Since tribal and non-tribal hunters impact the wildlife resources over much of the state, it is important that the Washington Department of Fish and Wildlife (WDFW) and tribal nations work cooperatively, on a government-to-government basis, to develop management strategies that can meet the needs of both. This process is complicated because tribal ceremonial and subsistence hunting and state recreational hunting are two different philosophies steeped in different traditions and cultural heritages.
How tribes and WDFW work together
Many tribal governments take an active role in the management of wildlife resources. Most tribes with off-reservation hunting rights have a tribal hunting committee that meets to develop regulations and management strategies. Many tribes have hired biologists, or have access to biological staff members, who can advise them on the development of management approaches. Tribal nations have taken the lead in several areas on research projects to gather the information that is needed to better manage wildlife resources. WDFW and various tribes have worked together to develop herd plans for key wildlife populations. WDFW has also worked cooperatively with tribes to rebuild or augment populations that are below desired levels.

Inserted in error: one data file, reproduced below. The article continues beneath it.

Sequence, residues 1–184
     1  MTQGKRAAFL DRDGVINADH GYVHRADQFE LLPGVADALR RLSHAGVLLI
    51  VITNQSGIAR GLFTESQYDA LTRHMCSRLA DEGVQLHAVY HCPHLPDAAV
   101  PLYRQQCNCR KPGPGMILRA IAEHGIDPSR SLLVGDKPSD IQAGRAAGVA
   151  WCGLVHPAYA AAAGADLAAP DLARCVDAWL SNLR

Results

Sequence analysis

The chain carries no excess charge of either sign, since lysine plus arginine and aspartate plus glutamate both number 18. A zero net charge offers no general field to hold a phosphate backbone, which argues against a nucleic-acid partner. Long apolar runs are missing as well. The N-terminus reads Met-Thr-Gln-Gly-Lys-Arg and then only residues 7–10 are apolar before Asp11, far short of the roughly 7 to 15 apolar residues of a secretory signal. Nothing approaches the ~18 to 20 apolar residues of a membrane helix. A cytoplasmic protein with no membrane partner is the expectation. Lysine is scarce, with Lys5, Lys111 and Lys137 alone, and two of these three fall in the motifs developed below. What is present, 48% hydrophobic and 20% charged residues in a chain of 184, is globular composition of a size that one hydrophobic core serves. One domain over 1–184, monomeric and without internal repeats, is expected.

WDFW staff members from Wildlife and Enforcement programs meet with tribal representatives to discuss wildlife and hunting management issues. The discussions stem from a 1998 Washington Fish and Wildlife Commission policy directing the department to negotiate with tribal nations to resolve hunting issues. Hunting co-management is also a stated objective within the Department's Game Management Plans and the area-specific elk herd management plans, all developed with extensive public-involvement.
WDFW and some tribal nations have entered into cooperative management agreements and Memorandums of Agreement/Understanding to foster and maintain a good working relationship. For wildlife management, WDFW has entered into the following hunting cooperative agreements:
- Nisqually Indian Tribe (2023)
- Puyallup Tribe (2023)
- Lower Elwha Klallam (2022)
- Amendment 1 (2023)
- Skokomish Indian Tribes (2016)
- Squaxin Island Tribe (2015)
- Point Elliott (2013)
Signatory tribes include: Lummi Nation, Muckleshoot Tribe Sauk-Suiattle Tribe, Stillaguamish Tribe, Suquamish Tribe, Swinomish Indian Tribal Community, Tulalip Tribes, Upper Skagit Tribe, and Nooksack Indian Tribe.
- Confederated Tribes of the Colville Reservation Settlement for Public Safety Violations (2012)
- Cowlitz Indian Tribe (2008)
- Medicine Creek Southern Boundary Determination (2002)
- WAC 232-12-253
- Mediator’s Report
- Nez Perce Tribe (2002)
- Confederated Tribes of the Colville Reservation (1998)